Nav: Home

Differences in the rhetorical styles of candidates in the 2016 US presidential election

February 20, 2017

A new paper published in Digital Scholarship in the Humanities reveals and quantifies dramatic differences in the speaking styles of candidates in the 2016 United States presidential election. Lexical analysis indicates that President Donald Trump had a distinct communication style, and it was far more direct than any of the other candidates.

The most frequently used thematic words are very similar across politicians, with 'people' appearing in the top 4 for 7/9 candidates, and 'say' for 5/9. Trump and Hillary Clinton had 3 out of 4 most-used words the same.

Researchers here analyzed the transcripts of the TV debates involving Jeb Bush, Hillary Clinton, Ted Cruz, John Kasich, Martin O'Malley, Rand Paul, Marco Rubio, Bernie Sanders, and Donald Trump.

According to several overall stylistic indicators, candidate Trump used a simple communication style, avoiding complex formulation and vocabulary. The authors analysed lexical density - or how much actual information there was in the words spoken. Trump scored the lowest for lexical density, and he also reused the same phrases more than other candidates.

Former governors (Bush and Kasich) tend to use "we" more frequently than "I." Usually Senators (Cruz, Paul, Clinton, and Sanders) tend to prefer using the pronoun "I."

Donald Trump presents an atypical figure, employing short sentences, a reduced vocabulary, repeating the same arguments with simple words. He is the single candidate to have the pronoun "I" in the second rank (after the article "the").

Hillary Clinton can also be characterized by a large use of the pronoun I. The candidates who stayed longer in the campaign had a clear preference for "I" over the "we." When considering overall stylistic indicators, Clinton, O'Malley, and Sanders presented a high lexical density value as well as a higher number of long and complex words than the mean.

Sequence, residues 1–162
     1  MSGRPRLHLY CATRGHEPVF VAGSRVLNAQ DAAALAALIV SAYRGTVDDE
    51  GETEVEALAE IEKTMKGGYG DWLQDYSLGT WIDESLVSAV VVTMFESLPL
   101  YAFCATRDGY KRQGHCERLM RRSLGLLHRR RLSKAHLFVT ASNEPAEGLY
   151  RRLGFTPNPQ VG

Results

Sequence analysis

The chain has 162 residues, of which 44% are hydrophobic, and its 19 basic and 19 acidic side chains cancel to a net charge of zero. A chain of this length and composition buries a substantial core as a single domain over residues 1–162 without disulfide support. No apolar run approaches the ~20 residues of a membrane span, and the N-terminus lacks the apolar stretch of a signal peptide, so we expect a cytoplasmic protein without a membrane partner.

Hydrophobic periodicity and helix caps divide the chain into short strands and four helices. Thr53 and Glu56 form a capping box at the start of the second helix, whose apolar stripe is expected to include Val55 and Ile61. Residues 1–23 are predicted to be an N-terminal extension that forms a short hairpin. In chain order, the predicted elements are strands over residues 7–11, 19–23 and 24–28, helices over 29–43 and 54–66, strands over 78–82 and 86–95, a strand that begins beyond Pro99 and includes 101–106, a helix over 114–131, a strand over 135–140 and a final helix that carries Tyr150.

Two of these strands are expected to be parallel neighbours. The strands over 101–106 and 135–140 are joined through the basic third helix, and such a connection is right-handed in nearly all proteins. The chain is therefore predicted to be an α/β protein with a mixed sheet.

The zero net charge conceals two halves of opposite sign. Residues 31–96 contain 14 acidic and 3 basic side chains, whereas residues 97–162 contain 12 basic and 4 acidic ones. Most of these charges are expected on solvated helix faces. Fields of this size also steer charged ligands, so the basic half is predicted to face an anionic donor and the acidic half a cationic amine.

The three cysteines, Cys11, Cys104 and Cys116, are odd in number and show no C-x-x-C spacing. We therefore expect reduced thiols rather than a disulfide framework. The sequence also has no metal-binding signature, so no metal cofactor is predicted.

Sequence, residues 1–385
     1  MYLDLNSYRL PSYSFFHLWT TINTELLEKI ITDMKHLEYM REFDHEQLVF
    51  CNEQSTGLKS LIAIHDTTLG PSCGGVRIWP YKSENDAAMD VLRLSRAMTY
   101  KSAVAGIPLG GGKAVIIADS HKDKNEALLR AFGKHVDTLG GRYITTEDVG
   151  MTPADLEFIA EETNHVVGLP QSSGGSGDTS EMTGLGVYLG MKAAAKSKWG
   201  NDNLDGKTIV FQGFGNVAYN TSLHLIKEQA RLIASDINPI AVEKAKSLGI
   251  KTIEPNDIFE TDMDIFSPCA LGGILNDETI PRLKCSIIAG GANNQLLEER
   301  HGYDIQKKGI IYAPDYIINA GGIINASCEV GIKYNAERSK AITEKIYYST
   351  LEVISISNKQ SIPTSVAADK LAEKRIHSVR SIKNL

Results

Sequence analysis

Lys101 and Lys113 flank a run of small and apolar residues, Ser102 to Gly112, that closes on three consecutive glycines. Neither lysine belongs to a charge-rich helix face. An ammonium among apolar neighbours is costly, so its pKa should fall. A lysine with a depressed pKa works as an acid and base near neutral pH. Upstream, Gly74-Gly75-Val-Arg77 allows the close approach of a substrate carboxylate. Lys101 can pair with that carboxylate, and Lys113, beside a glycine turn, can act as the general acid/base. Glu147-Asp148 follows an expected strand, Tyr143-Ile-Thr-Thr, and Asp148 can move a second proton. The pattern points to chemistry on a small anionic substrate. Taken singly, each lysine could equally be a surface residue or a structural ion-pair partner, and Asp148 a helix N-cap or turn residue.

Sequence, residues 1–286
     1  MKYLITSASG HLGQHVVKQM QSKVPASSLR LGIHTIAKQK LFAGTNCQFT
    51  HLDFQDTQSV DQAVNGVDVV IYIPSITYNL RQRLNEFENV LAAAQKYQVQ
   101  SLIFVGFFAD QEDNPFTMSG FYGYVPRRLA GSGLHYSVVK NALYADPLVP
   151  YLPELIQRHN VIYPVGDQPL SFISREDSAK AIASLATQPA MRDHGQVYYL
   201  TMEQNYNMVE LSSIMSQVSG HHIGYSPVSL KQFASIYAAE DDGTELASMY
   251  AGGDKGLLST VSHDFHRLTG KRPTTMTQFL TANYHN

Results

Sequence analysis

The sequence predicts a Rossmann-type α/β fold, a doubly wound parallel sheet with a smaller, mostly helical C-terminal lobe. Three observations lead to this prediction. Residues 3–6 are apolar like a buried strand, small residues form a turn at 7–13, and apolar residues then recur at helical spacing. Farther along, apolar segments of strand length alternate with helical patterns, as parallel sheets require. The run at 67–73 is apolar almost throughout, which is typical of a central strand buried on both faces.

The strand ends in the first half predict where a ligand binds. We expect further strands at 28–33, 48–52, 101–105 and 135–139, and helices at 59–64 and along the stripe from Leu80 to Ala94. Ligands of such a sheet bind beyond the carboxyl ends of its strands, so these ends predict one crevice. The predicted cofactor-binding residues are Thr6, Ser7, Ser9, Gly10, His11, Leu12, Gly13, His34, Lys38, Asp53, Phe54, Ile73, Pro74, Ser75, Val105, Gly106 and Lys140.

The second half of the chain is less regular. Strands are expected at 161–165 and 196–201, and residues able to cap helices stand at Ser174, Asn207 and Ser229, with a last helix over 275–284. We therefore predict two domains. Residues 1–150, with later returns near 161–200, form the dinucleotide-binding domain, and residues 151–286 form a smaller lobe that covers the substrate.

Long sentences were preferred by O'Malley, Clinton, and Sanders. A relatively high lexical density percentage indicates a more complex text, containing more information. Using the transcripts of the TV debates, the lexical density values varied from 36.6% (Trump) to 44.6% (Cruz).

The percentage of long or complex words varied from 18.3% (Trump) to 26.4% (Cruz, and Sanders). Senators Cruz and O'Malley had a more sophisticated communication style, employing longer sentences, and a more complex lexicon.

An analysis of the top ten most specific terms per candidate reveals interesting specifics about their campaigns. Top terms used by Jeb Bush included "proven," "status," and "brother." Top terms used by Martin O'Malley included "actually" and "Maryland." Sanders preferred "Wall Street," "wealth," "class," and "billionaire." Top Clinton words included "comprehensive," "affordable," and "try." Among the top ten specific words used by Trump in the course of his campaign were "I," "Mexico," "deal," and "tremendous."

"As Trump won the primaries and the general election, does that mean that efficient communication must be based on tweet-like rhetoric and this form will dominate the future elections?" asked lead author Jacques Savoy. "Clearly the rhetoric evolution goes towards to short communication messages, but this also implies simplistic analysis and solutions? If the answer is affirmative, I see a real risk of the democracy."
-end-
The paper "Analysis of the Style and the Rhetoric of the 2016 US Presidential Primaries" is available at: https://academic.oup.com/dsh/article-abstract/doi/10.1093/llc/fqx007/2993886/Analysis-of-the-style-and-the-rhetoric-of-the-2016?redirectedFrom=fulltext

Direct correspondence to:

Jacques Savoy
University of Neuchatel
rue Emile Argand 11
2000 Neuchatel, Switzerland
Jacques.Savoy@unine.ch

To request a copy of the study, please contact: Daniel Luzer- daniel.luzer@oup.com or 212-743-6113

Sharing on social media? Find Oxford Journals online at @OxfordJournals

Oxford University Press USA

Related Candidates Articles:

Essential oil components can be tested as drug candidates